Astrology – Another Excerpt from The Faust Book

Another Excerpt from The Faust Book. Faust explains the true nature of the stars.

“The Faust Book seems to be a very early novel written during the Lutheran church squabbles (1568-81) or shortly thereafter. It comes down to us in manuscript (Historia vnd Geschicht Doctor Johannis Faustj des Zauberers) written in clear hand by a professional scribe in Nuremberg, still in very good, unused condition, and also as a 1587 imprint from the prominent Frankfurt publishing house of Johann Spies.”

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Concerning the Stars
“A prominent scholar in Halberstadt, Doctor N. V. W., invited Doctor Faustus to his table. Before supper was ready, Faustus stood for a while gazing out the window at the Heavens, it being Harvest time and the sky filled with stars. Now his host, being also a Doctor of Physic and a good astrologus, had brought Doctor Faustus here for the purpose of learning from him divers transformations in the planets and stars. Therefore he now leaned upon the window beside Doctor Faustus and looked also upon the brilliance of the Heavens, the multitude of stars, some of which were shooting through the sky and falling to the earth. In all humility he made request that Doctor Faustus might tell him the condition and quality of this thing.
Doctor Faustus began on this wise: My most dear Lord and Brother, this condition doth presuppose certain other matters which ye must understand first. The smallest star in Heaven, although when beheld from below it seems to our thinking scarcely so big as our large wax candles, is really larger than a principality. Oh yes, this is certain. I have seen that the length and breadth of the Heavens is many times greater than the surface of the earth. From Heaven, ye cannot even see earth. Many a star is broader than this land, and most are at least as large as this city. –See, over there is one fully as large as the dominion of the Roman Empire. This one right up here is as large as Turkey. And up higher there, where the planets are, ye may find one as big as the world.”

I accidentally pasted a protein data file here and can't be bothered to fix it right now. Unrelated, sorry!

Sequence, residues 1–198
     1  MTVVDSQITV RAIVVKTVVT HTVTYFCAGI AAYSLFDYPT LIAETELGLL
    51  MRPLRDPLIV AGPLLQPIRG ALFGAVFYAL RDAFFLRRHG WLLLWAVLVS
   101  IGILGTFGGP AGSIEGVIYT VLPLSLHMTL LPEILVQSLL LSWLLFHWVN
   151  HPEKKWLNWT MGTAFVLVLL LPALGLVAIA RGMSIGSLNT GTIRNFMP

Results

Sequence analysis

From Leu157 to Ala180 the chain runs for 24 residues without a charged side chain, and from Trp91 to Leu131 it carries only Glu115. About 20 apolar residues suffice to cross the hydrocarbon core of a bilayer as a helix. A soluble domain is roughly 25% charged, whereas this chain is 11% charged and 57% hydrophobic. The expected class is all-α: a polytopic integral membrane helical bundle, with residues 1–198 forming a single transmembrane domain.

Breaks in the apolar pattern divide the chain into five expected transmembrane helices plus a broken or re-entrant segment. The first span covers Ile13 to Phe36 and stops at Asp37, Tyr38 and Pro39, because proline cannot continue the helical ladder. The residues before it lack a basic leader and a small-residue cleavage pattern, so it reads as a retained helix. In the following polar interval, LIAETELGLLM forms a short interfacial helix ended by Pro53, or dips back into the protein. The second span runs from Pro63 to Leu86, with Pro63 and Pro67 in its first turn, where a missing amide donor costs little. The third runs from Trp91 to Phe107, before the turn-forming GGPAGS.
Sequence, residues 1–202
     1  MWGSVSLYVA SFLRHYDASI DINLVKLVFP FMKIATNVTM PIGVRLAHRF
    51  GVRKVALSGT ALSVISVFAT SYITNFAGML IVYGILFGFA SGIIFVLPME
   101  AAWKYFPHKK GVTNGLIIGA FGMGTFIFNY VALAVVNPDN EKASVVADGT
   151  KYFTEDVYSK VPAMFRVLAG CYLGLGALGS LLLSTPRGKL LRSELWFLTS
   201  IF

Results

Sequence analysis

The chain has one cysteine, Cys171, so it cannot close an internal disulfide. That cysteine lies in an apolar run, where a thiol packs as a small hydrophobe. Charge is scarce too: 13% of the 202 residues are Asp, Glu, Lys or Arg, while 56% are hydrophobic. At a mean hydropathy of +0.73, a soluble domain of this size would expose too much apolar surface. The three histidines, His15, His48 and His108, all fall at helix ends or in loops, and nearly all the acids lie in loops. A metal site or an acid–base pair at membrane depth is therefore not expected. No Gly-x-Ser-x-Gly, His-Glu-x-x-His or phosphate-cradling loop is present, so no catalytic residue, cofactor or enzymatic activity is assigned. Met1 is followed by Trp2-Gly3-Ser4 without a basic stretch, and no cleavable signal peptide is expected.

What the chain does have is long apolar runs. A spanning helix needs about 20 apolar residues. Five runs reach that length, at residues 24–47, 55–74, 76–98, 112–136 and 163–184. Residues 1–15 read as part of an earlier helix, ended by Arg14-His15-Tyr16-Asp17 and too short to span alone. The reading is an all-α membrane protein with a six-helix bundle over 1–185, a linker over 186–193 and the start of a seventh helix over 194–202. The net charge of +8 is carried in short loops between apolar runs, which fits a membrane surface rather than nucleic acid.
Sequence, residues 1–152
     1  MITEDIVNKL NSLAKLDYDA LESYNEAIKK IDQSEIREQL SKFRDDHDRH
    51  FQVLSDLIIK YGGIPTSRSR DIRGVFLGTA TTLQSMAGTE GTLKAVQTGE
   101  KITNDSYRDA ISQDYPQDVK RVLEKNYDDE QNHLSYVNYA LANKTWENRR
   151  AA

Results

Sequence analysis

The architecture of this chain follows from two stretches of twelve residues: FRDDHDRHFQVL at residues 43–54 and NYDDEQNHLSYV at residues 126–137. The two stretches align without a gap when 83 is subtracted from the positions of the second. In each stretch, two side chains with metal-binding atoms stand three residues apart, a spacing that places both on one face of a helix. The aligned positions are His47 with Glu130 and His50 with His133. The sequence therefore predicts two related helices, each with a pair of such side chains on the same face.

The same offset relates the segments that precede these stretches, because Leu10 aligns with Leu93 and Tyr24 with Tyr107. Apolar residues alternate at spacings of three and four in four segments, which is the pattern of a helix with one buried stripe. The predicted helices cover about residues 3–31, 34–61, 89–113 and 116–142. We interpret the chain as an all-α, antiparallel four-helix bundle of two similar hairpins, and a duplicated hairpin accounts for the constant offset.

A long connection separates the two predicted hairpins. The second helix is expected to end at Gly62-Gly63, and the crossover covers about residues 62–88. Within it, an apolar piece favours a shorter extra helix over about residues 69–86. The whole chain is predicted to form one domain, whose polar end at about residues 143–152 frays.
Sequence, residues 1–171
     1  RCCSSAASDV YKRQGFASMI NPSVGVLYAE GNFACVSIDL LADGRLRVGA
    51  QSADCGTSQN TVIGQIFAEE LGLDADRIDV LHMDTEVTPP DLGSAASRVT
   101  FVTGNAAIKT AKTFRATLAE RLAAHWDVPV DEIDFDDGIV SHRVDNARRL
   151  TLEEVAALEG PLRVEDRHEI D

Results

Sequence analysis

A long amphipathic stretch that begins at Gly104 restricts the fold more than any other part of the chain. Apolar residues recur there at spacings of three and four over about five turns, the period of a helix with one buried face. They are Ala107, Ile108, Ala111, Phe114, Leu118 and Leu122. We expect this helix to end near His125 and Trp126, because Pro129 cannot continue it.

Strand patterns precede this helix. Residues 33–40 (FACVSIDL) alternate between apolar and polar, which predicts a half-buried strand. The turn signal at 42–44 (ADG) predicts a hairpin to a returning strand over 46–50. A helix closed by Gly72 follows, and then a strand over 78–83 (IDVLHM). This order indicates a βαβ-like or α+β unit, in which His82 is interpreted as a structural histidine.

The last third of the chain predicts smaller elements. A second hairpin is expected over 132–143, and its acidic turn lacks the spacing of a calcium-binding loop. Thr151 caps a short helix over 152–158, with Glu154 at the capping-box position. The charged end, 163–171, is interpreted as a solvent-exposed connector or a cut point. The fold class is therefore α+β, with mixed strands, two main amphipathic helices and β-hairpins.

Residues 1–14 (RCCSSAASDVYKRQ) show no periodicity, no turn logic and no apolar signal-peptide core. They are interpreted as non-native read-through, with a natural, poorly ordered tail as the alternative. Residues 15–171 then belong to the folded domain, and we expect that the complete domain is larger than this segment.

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The Third Question
“But I still do not understand, spake the Doctor from Halberstadt, the action of the stars, how they glitter, and how they fall down to earth.
Doctor Faustus answered: This is nothing out of the ordinary, but an everyday happening. It is indeed true that the stars, like the Firmament and other Elementa, were created and disposed in the Heavens in such a fashion that they are immutable. But they do undergo certain changes in color and in other external qualities. The stars manifest superficial changes of this sort when they give off sparks or little flames, for these are bits of match falling from the stars–or, as we call them, shooting stars. They are hard, black, and greenish.
But that a star itself might fall–why this is nothing more than a fancy of mankind. When by night a great streak of fire is seen to shoot downward, these are not falling stars, although we do call them that, but only slaggy pieces from the stars. They are big things, to be sure, and, as is true of the stars themselves, some are much bigger than others. But it is my opinion that no star itself falleth except as a scourge of God. Then such falling stars bring a murkiness of the Heavens with them and cause great floods and devastation of lives and land. “
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